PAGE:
2. Turn dough out onto a lightly floured surface. Knead until smooth and elastic (10 minutes), or transfer to an electric mixer with a dough hook and mix 10 minutes on medium speed; add enough of remaining flour, 1 tablespoon at a time, to prevent dough from sticking to hands.

3. Place dough in a large bowl coated with cooking spray, turning to coat top. Cover and let rise in a warm place (85°), free from drafts, 1 1/2 hours or until doubled in size. (Press two fingers into dough. If indentation remains, dough has risen enough.)

4. To make filling: Melt butter in a large nonstick skillet over medium-high heat. Add apple; sauté 3 minutes. Add apple juice and cinnamon. Reduce heat to medium-low; simmer 3 minutes or until liquid is almost absorbed. Remove from heat; set aside to cool completely.

5. To assemble: Punch dough down. Cover; let rest 5 minutes. Divide dough into 12 equal portions. Roll each into a 3-inch circle on a lightly floured surface. Divide filling among dough rounds; gather dough over filling to form a ball, pinching seam to seal. Place fritter, seam side down, in a 12-cup muffin pan coated with cooking spray. Repeat procedure with remaining dough and filling. Cover and let rise 40 minutes or until doubled in size. Preheat oven to 400°.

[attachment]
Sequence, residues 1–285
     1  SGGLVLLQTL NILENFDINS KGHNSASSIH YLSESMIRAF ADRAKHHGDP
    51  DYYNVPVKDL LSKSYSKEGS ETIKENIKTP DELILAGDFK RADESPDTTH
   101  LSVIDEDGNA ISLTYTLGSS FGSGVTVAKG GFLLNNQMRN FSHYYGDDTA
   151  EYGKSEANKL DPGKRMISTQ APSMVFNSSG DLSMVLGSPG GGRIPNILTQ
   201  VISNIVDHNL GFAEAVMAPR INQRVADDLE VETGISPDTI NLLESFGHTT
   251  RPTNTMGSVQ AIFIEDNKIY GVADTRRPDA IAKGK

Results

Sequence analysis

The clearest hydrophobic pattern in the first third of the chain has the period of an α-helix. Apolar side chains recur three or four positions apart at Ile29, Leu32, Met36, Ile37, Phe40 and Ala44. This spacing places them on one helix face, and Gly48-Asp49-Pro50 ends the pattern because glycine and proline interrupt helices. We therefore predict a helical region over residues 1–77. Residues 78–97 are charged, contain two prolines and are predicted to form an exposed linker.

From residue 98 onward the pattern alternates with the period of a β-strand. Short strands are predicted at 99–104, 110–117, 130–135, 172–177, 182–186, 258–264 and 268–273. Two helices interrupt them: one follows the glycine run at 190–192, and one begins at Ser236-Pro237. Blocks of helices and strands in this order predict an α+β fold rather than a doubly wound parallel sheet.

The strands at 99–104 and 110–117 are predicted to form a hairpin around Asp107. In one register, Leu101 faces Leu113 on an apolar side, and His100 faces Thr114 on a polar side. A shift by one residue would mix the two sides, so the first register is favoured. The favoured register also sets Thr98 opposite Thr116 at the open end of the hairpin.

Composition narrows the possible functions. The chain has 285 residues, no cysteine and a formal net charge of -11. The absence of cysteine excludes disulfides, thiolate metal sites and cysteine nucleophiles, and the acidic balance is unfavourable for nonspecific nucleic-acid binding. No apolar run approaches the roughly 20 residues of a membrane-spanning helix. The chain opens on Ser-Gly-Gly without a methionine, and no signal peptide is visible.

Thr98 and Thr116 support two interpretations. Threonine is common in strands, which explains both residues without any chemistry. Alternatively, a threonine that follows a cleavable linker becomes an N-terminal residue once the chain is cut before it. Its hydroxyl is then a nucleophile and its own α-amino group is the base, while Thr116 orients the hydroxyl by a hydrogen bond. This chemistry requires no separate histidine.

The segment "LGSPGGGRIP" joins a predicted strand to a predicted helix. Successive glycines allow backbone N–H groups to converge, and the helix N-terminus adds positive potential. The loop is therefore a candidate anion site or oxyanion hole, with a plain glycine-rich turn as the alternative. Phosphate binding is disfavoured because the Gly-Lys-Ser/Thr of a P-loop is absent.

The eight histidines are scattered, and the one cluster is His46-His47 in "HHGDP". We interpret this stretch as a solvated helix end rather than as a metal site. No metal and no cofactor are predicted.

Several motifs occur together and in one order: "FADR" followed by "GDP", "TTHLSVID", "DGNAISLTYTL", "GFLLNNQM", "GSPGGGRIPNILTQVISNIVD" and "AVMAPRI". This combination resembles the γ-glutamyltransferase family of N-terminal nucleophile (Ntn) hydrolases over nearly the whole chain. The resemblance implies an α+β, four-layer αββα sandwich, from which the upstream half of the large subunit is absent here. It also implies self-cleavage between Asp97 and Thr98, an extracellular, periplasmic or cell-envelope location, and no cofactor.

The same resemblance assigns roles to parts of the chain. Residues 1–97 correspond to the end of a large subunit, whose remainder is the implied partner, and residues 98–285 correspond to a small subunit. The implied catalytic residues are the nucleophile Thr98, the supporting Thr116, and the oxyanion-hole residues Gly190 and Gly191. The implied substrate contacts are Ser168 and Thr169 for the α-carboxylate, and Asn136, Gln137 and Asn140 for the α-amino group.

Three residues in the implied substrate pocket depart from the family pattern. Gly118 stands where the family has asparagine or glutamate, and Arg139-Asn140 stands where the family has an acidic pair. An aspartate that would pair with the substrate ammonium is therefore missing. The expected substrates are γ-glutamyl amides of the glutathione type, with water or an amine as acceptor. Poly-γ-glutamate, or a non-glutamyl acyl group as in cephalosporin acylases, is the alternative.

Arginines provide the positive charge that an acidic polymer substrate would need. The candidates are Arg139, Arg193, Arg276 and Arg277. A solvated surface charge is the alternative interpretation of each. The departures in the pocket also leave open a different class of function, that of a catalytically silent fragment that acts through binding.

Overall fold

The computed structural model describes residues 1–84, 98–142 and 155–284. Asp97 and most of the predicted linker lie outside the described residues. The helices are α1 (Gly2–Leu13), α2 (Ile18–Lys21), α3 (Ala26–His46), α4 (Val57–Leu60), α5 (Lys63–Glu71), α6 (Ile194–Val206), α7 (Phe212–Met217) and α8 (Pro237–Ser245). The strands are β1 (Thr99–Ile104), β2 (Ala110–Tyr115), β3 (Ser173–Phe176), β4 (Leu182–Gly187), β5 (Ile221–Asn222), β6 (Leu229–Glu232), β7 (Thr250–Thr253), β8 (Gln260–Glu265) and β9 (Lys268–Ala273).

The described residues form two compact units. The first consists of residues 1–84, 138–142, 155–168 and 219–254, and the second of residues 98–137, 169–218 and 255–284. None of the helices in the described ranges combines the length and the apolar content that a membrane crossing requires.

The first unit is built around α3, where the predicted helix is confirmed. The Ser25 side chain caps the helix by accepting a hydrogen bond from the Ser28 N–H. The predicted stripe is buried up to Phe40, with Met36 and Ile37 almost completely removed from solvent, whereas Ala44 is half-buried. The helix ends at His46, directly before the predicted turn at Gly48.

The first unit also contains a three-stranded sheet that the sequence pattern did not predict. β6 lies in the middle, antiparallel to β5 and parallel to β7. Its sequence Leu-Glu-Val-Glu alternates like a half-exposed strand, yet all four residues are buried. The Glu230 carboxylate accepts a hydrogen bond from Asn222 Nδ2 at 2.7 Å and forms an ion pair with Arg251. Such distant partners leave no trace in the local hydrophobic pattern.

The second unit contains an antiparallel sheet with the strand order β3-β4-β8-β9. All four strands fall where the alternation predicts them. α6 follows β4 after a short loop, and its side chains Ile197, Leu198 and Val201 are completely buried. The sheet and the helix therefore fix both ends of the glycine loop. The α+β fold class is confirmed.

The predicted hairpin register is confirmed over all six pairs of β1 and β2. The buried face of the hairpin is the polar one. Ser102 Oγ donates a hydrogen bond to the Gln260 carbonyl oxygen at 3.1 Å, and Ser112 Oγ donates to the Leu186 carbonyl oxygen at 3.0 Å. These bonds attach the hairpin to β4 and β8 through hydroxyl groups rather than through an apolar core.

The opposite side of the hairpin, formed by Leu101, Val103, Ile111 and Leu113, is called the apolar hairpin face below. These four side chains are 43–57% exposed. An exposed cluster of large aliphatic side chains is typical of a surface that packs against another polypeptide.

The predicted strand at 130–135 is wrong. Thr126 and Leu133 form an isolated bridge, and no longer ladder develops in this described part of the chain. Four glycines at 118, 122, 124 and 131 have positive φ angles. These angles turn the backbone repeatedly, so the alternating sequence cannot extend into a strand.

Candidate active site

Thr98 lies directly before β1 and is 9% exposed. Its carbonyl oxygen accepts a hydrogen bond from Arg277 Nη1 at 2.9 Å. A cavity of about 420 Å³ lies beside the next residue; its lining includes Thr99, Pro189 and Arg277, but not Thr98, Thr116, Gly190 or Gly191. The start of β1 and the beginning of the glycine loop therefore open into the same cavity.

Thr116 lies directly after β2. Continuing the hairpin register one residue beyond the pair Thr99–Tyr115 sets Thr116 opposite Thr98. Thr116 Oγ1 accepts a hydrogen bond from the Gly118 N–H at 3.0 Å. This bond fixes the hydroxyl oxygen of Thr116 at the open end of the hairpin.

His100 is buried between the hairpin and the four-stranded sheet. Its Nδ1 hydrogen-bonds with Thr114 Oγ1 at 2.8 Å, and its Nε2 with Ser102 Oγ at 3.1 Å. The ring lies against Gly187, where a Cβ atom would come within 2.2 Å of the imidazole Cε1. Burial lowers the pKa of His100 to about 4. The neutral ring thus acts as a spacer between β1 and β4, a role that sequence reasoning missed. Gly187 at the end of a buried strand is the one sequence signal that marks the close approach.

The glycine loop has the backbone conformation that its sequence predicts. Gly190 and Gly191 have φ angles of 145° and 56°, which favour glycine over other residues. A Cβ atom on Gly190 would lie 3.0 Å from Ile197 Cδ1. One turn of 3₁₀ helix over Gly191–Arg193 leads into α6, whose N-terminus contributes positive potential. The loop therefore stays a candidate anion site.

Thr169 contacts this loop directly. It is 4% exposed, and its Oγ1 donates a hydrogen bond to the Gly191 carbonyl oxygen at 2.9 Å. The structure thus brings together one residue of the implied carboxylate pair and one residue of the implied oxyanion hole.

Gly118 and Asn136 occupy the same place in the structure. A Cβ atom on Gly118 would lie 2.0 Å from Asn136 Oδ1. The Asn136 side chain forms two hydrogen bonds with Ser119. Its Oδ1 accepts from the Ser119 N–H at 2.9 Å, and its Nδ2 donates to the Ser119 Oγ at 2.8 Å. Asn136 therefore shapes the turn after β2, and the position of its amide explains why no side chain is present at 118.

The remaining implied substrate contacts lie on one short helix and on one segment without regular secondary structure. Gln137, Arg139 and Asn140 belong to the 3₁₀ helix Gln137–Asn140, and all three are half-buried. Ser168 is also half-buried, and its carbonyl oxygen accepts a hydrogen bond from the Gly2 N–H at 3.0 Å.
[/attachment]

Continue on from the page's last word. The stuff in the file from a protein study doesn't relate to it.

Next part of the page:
6. Uncover dough; bake for 20 minutes or until lightly browned. Remove from pan; cool on wire rack. Whisk all glaze ingredients together in a small bowl; drizzle over fritters and serve.

Fritters that are baked and not fried

2nd Annual Genoa Place Block Party

24 Jun

Kick-the-can, bonfires, hotdish potlucks…growing up in a traditional small town in Minnesota summertime block parties were a regular occurrence – an opportunity to bond with our small community of neighbors. 379723_591754784189716_947300167_n

Living in San Francisco, although a very friendly place, we never got to know, and actually hardly ever saw, other residents of the weird little alley we all call home.

Last year, Mike had the brilliant idea to host a get together and so the Genoa Place block party was born.

After a successful first year, we held 2nd annual event two Saturdays ago.

I am never sure what people are going to bring (we should probably encourage sign-ups on the FB event page next year!) so I made sure to have some hot dogs, a side dish, appetizer and of course dessert. Turns out I had nothing to worry about. Our friends and neighbors pulled out all the stops.